South Asia Theater
India's National Investigation Agency (NIA) on Sept. 3 announced a Rs 7 lakh (approx. $10,500) bounty on Naga insurgent leader SS Khaplang in connection with an attack on an army convoy in Manipur three months ago that killed 18 soldiers. The 75-year-old rebel heads the National Socialist Council of Nagaland-Khaplang (NSCN-K), that has long waged an armed struggle for an independent Naga homeland uniting parts of Manipur, Arunachal Pradesh and Assam states along with areas of Burma. In early August, India's central government signed a peace agreement with the rival NSCN-IM (Isak-Muivah, named for leaders Isak Chisi Swu and Thuingaleng Muivah). But the Khaplang faction is not yet recognizing the accord, and the bounty appears to signal Delhi's impatience—or a strategy to keep the Naga struggle divided.
The Supreme Court of Bangladesh on June 16 upheld the death sentence of Ali Ahsan Mohammad Mojaheed for war crimes committed during the 1971 War of Liberation against Pakistan. Mojaheed, the Secretary-General of Jamaat-e-Islami Party (JI) was originally sentenced by the International Crimes Tribunal Bangladesh (ICTB) on charges of kidnapping and murder during the war. Mojaheed could be hanged within months if he does not get presidential clemency or another court review.
Bangladesh on May 25 banned an Islamist militant group suspected of involvement in the murders of atheist bloggers that sparked protests in Dhaka earlier this year. The Home Ministry's move to outlaw the Ansarullah Bangla Team (ABT) comes after police asked the government to ban the group. Police have also charged ABT followers with the 2013 murder of blogger Ahmed Rajib Haider. ABT is the sixth Islamist militant group to be banned in the country, which has seen a rise in militant attacks in recent years. The msot recent slaying of a blogger, which took place two weeks ago in Sylhet city, was claimed on Twitter in the name of al-Qaeda in the Indian Subcontinent (AQIS). AQIS previously claimed responsibility for the February slaying of blogger Avijit Roy in Dhaka. An Islamist has been arrested in connection with his murder but not formally charged. (Channel NewsAsia, May 25)
Gunmen on motorcycles stopped a commuter bus carrying Ismaili Muslims in Karachi May 13, boarded it and opened fire on the passengers, killing at least 45. Outside the hospital where some dozen wounded survivors were taken, and where the bus was parked, scores of grim-faced young Ismali men formed a human chain to block everyone but families and doctors—apparently fearing a follow-up attack. English leaflets left in the bus were headlined "Advent of the Islamic State!" The leaflet used derogatory Arabic words, blaming the Ismali community for "barbaric atrocities...in the Levant, Iraq and Yemen." Pakistani media said the attack was claimed by the Tehrik Taliban Pakistan, the Jundullah network, and militants claiming to represent ISIS. (AFP, BBC News, May 13)
Hundreds of protesters gathered in Dhaka Feb. 27 to denounce the murder of Bangladeshi-American blogger Avijit Roy, hacked to death with machetes earlier that day while walking near a book fair he was visiting in the city. Roy was founder of Mukto-Mona (Free Mind) blog, which advocated secularism and atheism. He had received numerous threats from Islamists in recent months. His wife was also injured the attack. There have been no arrests. At the rally, protesters chanted "We want justice" and "Raise your voice against militants."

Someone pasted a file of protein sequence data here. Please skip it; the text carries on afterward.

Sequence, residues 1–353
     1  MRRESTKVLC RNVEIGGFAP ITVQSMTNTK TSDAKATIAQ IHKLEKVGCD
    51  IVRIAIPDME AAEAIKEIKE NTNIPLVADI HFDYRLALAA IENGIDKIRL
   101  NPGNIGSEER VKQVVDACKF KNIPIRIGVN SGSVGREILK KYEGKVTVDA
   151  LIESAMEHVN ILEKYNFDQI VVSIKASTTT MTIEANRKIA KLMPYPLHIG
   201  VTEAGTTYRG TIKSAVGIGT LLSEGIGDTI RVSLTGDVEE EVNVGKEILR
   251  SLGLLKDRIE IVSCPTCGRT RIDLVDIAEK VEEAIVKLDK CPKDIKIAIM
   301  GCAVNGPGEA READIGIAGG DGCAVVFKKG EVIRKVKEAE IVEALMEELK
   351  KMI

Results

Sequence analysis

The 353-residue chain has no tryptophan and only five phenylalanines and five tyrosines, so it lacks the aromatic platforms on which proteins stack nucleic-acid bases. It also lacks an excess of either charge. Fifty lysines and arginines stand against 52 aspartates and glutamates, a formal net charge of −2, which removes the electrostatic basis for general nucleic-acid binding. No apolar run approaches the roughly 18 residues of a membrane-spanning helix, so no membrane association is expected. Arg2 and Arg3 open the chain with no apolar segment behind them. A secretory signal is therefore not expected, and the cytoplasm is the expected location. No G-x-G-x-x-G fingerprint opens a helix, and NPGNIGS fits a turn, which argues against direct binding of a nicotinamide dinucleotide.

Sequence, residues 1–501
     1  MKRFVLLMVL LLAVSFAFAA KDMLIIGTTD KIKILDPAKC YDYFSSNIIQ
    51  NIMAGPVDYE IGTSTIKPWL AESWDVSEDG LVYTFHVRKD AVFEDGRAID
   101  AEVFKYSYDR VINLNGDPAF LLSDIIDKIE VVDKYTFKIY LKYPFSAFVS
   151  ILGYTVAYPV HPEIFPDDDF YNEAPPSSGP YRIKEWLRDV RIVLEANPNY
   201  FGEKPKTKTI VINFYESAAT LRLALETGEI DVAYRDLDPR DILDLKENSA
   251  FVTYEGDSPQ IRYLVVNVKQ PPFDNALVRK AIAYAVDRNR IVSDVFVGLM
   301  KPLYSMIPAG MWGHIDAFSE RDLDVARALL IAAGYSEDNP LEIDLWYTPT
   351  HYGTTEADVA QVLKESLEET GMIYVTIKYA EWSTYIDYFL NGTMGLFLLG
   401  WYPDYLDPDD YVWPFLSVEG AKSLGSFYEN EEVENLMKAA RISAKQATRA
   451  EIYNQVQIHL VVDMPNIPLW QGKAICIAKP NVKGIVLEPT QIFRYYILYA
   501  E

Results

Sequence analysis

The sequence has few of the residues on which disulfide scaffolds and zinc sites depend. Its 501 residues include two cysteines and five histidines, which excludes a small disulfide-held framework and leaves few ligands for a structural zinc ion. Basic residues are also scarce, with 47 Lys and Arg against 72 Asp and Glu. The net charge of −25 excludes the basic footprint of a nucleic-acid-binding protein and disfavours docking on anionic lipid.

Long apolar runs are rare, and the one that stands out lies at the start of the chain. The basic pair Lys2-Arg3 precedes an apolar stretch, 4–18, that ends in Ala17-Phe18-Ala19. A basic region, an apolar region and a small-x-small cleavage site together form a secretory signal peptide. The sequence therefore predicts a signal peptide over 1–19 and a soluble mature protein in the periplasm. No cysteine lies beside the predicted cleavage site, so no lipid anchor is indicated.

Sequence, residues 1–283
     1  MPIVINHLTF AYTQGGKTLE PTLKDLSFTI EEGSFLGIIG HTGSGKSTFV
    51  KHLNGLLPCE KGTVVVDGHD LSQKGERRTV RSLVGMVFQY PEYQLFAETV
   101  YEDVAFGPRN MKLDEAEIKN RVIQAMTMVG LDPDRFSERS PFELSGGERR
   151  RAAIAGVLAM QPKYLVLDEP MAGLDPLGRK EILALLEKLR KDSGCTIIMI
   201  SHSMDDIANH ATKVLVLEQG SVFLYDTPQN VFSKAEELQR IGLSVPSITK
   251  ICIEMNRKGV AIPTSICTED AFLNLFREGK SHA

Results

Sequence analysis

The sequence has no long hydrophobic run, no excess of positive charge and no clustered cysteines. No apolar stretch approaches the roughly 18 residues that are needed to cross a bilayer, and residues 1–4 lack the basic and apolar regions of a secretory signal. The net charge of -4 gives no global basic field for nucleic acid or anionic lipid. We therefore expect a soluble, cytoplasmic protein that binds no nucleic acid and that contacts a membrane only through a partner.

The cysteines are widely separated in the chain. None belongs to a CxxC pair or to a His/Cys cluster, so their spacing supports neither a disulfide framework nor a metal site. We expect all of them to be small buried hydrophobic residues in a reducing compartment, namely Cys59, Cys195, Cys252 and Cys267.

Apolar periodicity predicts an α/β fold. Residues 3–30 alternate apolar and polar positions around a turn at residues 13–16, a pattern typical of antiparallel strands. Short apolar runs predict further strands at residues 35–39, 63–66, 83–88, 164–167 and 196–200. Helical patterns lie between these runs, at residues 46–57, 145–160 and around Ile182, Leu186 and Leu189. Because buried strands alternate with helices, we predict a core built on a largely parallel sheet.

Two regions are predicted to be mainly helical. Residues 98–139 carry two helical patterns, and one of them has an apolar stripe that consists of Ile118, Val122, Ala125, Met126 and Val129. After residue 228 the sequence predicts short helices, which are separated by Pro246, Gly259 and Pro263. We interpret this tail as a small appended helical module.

Last month's US-India nuclear deal obviously signaled a rise in Sino-Indian tensions, seen by Beijing (accurately) as part of an encirclement strategy. The deal called for inclusion of India in the Nuclear Suppliers Group (NSG), which drew immediate criticism from China. The NSG is comprised of 46 nuclear supplier states, including China, Russia and the US, that have agreed to coordinate export controls on civilian nuclear material to non-nuclear-weapon states. The group has up to now been made up of signatories to the Non-Proliferation Treaty (NPT)—which, as China was quck to note, does not include India (or Pakistan, or the "secret" nuclear nation Israel). More to the point, India is not a "non-nuclear-weapon state." (The Diplomat, Feb. 14; Arms Control Association)
The International Crimes Tribunal Bangladesh (ICTB) on Feb. 18 convicted and sentenced Islamist leader Abdus Subhan to death. Subhan, leader of the Jamaat-e-Islami (JI) political party, was charged and convicted of of mass killing, looting and arson during during the 1971 War of Liberation against Pakistan. Subhan is the ninth senior leader of his party to be convicted of war crimes since the tribunal opened in 2010.
Nepal created two commissions Feb. 10 to investigate allegations of war crimes and disappearances that occurred during the nation's 10-year civil war, announced Nepali Law Minister Narahari Acharya. The Truth and Reconciliation Commission, will investigate abuses committed during the conflict, and the Commission on Enforced Disappearances will investigate the disappearances of more than 1,300 people still missing after the conflict ended in 2006. This agreement by the coalition government to address the war-time accusations comes just two weeks after Human Rights Watch (HRW) expressed its concern regarding the government's delay in the formation of the commissions. The commissions will start their investigations within six months of their creation and will operate on two-year tenure.